“Confucius political philosophy is rooted in his belief that a ruler should learn self-discipline, should govern his subjects by his own example, and should treat them with love and concern” (Schwartz 45, par 1). Confucius asserted that if people are governed with laws and corrections done through punishments, then they will rebel and develop a shameless behavior. However, if the same people are governed by virtue, “and discipline among them sought by the practice of ritual propriety, they will posses a sense of shame” and respect the ruler (Zhuan 3, par. 5). In his days, the leaders were favoring legal methods in ensuring uniformity among the subjects. Thus he warned that the ill results of promulgating the legal codes shouldn’t be seen as an attempt to stop their adoption but rather a moral suasion on the ruling elite (Schwartz 46). Confucius interpreted the prevalent political situation as completely failed. He explained the failure by pointing out that those exercised power and those who were in inferior position existed that way by making claims to titles for which they were not worthy. He asserted that the principles of good governance consisted of “ruler being a ruler, the minister being a minister, the father being a father, and the son being a son” (Schwartz 46, par. 5). He pointed out the importance of living up to a title by adhering to requirements and responsibilities that come with a title. For, the issue was not changing the names or titles but rather changing the individual to suit the requirements of the title. To him, a meaningful change would originate from the leadership whereby by a change in the ruler’s behaviour would definitely lead to a change in the behaviour of the subjects. He advised: “If you desire is for good, the people will be good. The moral character of the ruler is the wind; the moral character of those beneath him is the grass. When the wind blows the grass bends” (Zhuan 3, pars. 3-4). For, superior leadership was only depicted through virtue, which he perceived as a moral strength that enables one to win the trust of his subjects (Schwartz 70).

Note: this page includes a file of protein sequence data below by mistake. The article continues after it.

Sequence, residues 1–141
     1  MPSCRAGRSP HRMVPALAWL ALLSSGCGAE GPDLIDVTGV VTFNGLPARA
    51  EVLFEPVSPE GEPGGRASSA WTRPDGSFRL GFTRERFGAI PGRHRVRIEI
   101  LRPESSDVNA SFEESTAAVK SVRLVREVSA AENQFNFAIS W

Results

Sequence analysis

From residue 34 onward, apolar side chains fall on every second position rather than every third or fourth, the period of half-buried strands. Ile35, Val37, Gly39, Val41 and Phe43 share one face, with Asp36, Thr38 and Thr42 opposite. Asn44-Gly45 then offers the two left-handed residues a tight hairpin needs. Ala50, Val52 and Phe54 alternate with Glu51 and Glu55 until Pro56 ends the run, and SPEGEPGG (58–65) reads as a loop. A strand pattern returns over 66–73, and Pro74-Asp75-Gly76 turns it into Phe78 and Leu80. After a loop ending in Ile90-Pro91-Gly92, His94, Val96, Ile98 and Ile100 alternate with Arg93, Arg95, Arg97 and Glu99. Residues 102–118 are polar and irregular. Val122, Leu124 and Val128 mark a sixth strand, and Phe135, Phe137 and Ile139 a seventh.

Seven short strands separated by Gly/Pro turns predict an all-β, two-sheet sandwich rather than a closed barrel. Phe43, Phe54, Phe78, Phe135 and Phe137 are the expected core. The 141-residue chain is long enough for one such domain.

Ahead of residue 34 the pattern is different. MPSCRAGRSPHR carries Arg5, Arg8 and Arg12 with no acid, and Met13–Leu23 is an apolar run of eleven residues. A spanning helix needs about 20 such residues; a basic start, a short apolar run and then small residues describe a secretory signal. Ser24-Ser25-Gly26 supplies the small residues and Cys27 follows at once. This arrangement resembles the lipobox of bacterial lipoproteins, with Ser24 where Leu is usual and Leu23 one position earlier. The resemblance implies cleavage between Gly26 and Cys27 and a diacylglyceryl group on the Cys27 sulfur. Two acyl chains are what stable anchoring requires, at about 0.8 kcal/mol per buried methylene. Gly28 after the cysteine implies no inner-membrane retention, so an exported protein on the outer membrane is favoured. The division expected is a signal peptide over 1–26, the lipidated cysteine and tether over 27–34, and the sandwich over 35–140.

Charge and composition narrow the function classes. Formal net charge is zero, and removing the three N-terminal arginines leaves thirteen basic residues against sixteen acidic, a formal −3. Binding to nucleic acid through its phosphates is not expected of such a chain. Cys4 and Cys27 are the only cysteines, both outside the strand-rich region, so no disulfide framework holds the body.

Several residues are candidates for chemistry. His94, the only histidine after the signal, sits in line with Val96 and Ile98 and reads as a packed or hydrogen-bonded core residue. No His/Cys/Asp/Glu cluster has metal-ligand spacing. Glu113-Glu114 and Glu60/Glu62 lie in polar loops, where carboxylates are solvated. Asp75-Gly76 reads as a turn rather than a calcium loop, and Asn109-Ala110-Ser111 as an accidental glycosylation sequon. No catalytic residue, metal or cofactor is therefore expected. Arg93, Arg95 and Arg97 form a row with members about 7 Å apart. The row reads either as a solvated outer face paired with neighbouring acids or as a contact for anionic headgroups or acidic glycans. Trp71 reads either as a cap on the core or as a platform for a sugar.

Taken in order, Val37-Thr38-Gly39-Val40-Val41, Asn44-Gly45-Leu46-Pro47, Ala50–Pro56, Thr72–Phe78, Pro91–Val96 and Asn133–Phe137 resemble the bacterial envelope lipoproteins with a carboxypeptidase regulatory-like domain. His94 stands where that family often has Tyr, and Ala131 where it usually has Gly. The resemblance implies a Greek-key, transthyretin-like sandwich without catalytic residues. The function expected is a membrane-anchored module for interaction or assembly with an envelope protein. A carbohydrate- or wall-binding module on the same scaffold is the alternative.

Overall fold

Confucius and Education

A hallmark of Confucius’ thought is his emphasis on education and study (Schwartz 70). He belittled those who claimed to believe in natural understanding and posed that the “only real understanding of subjects comes from a long a careful study (Schwartz 71). Study for him meant the identification a good teacher and imitation of his words and deeds”. A good teacher was then, preferably older and well versed with past experiences and ancient practices. Confucius asserted “that a person who learns but does not think is lost and he who thinks but does not learn is in great danger” (Zhuan 4, par. 5). Traditionally, Confucius has received a lot of credit for personally teaching up to 3000 students. He taught diverse subjects to his students but only 70 of the 3000 students fully mastered his teachings.